Who is responsible?
- rworange Jan 6, 2012 05:09 PM
Here's the situation
Fish caught by company located in Oregon
Fish processed in China
Fish sold in Los Angeles
From this link
"Fish looks good frozen in the plastic, however upon defrosting and cooking/grilling :
the flavor is disappointing, not fresh or good tasting. This is not Grade A salmon.
Not sure what the problem is, maybe too much defrosting and freezing/not fresh.
Whatever liquid ? is being injected into the fish....to increase the weight"
While I initially thought it is the ultimate responsibility of the last seller, I'm wondering.
The poster contacted the company in Oregon without a response.
My gut reaction was 'Why?"
A million things could have happened to that fish in that long journey.
However, if a head of lettuce or a cantelope makes people sick, it it the responsibility of the farm.
This is a bit different, as it is just a poor quality product. If it is inedible, who should be held responsible?
They bought fish caught in Oregon, processed in China and sold in LA and complained that it wasn't fresh? I find that very funny. But to your question, I would go to the people I bought it from, just like I do with anything I buy...if they won't help then I might go to the manufacturer. If it's a single piece of fruit I will usually let it slide, but most often I just go to the store and tell them it was bad, even when I don't have a receipt. They always tell me to just get another one of whatever it was and don't charge me.
Whatever company puts its name or brand on the packaging containing the salmon when the person buys it is responsible.
With produce it is a bit different. Usu. the farm the grows the produce, also processes it, packages it, and sometimes even ships it.
The law may be different in America but, in the UK, the complaint would be against the retailer.
Since SO many reason exist as to why the fish did not suit the person who ate it, including themselves, I'd say no one is to blame. (and let's not forget, was it farmed or wild caught)
If lettuce, melon or scallions makes a person sick, which could only be gone via a bacteria ( such as e coli) then, only the grower could control that and thereby be responsible.
"If lettuce, melon or scallions makes a person sick, which could only be gone via a bacteria ( such as e coli) then, only the grower could control that and thereby be responsible."
Even that can be complicated. For example, in the recent European E coli outbreak, the responsible party wasn't the various farms that grew the produce in question but a seed company that sold to many farms in multiple countries.
Looking at the Oregon company's website it seems they are an importer, sourcing product from all over the world packaged according to their specifications. They also have multiple distribution centers in the U.S. - to maintain the seafood at the proper temp and decrease the time it takes to fill the order of the retailer or food service customer.
The poster in the initial thread notes that the grocer doesn't stand behind anything after 7 days...which brings up possibility of the poster not being able to store it at the correct temperature.
Responsibility varies depending on the problem. This seems to be either an issue of inferior quality or a glitch in proper handling without health consequences. The price points to inferior quality. The grocers response hints of the poster not being able to maintain proper temp. at home. I don't think most home freezers can store as well/low as a commercial freezer. Frost free freezers remain that way by cycling through warmer temperatures - which affects the storage life of food.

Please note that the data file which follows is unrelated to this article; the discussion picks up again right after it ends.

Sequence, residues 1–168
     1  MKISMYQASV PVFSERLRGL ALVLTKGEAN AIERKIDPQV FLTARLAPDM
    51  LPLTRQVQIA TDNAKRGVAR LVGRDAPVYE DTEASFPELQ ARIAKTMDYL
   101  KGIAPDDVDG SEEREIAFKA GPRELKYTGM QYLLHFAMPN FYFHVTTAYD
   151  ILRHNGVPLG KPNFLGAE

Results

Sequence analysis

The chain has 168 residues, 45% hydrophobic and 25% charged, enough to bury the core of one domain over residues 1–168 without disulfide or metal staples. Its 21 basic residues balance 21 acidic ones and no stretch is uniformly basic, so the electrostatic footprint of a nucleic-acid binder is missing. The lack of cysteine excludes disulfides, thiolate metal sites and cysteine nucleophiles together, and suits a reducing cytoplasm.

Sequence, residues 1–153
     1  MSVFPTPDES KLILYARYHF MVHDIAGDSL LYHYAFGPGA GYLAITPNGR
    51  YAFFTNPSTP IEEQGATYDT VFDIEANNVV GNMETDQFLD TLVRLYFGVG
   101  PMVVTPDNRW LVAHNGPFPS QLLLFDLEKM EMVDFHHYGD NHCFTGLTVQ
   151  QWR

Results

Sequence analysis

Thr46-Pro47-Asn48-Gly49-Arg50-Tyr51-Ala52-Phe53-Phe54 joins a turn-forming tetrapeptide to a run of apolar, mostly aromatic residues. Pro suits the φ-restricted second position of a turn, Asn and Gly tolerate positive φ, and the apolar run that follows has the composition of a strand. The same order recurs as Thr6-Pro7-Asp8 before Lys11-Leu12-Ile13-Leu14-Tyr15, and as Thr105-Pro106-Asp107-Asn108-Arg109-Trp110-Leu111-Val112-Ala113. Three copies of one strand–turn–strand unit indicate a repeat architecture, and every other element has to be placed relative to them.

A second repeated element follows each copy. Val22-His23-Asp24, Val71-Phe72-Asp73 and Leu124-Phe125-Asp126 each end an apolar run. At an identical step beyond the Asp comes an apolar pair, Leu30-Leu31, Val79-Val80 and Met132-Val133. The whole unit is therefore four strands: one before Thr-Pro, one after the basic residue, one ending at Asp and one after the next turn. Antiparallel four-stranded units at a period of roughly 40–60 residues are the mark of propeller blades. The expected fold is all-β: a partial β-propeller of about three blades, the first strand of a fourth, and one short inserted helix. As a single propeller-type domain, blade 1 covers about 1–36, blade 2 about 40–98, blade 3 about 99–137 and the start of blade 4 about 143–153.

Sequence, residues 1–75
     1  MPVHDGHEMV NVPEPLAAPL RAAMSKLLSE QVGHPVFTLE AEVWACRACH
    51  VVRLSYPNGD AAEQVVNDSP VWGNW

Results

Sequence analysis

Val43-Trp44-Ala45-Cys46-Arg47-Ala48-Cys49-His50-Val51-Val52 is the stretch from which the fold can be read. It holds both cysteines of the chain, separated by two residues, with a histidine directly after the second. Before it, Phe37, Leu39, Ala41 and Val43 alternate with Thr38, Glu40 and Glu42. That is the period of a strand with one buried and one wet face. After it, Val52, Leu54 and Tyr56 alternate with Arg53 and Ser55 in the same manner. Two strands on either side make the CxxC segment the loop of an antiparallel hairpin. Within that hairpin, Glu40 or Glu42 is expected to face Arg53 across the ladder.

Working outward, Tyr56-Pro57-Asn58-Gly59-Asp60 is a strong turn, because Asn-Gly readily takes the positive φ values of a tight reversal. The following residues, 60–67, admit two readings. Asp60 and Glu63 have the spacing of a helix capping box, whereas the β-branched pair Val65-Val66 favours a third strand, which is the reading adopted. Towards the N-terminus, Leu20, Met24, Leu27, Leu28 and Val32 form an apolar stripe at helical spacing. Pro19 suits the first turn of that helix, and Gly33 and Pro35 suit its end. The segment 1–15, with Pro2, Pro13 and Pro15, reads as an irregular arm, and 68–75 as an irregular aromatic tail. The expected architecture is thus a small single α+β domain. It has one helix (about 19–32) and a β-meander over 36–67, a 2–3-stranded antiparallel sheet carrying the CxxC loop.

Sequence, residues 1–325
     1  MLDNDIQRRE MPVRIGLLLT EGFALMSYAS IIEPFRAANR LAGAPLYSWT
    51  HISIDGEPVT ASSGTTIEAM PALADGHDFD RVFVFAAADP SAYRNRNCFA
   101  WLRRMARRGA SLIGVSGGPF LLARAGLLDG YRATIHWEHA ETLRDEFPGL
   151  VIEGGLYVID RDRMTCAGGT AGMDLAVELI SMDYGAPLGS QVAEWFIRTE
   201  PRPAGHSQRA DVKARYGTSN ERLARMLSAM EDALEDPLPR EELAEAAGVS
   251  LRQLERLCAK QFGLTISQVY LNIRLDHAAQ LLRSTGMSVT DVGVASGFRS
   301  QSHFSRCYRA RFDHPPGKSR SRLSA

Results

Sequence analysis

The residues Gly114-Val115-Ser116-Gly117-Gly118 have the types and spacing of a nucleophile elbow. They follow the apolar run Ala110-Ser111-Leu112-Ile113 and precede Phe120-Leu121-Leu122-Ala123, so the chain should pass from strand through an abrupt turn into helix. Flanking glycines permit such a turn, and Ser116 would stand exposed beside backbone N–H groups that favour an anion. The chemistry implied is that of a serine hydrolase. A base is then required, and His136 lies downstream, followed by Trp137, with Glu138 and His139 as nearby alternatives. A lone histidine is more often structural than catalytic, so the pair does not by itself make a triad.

First step: purchaser needs to be sure they provided proper storage conditions.
If so, approach grocer. Even if grocer doesn't offer a solution, at least they know customer wasn't happy with product. If it happens with frequency they may drop the product.
At this point I personally would chalk it up to a lesson in getting what you paid for. On the off chance that it was a batch which was handled poorly the poster could contact the distributor - but I would be surprised if they do anything. Unless that batch had numerous complaints they will figure improper storage once it left their facility.
Yeah, I like that solution. if people don't at least register a complaint then inferior products continue to be sold.
The local grocer has a clue that they might be selling a bad product which would reflect on them.
Depending on how much someone cared, they might contact the distributor, but like you, I don't think most would respond. However, miracles do happen and it might clue a good company that something is going wrong along the line.
China doesn't get a pass. Not that there's anyone you could contact, but the continued dishonest and often unsafe food handling practices of that country just makes me pass up anything clearly marked a being touched by anything there. However, as in the case of honey, China is doing sneaky stuff like sending products to other countries so that China never appears on the package.
I agree with bobbert, at $4/lb did you actually EXPECT it to be as good as the fresh stuff in the case at $19.99/lb? As with anything, you get what you pay for and if it's too good to be true, it probably is. I don't buy a bottle of cheap wine expecting it to be just as good as a something more expensive. You bought $4 salmon, you got $4 salmon. From the sounds of it the salmon was still edible, just not of high quality, exactly what the price would indicate.
"Disappointing flavor" is not the same as "inedible." If you are disappointed, I suggest buying something else next time, and possibly expressing your dissatisfaction with the vendor from whom you bought it. If it's truly "inedible" because, for example, it is contaminated, then I suppose it is up to the FDA.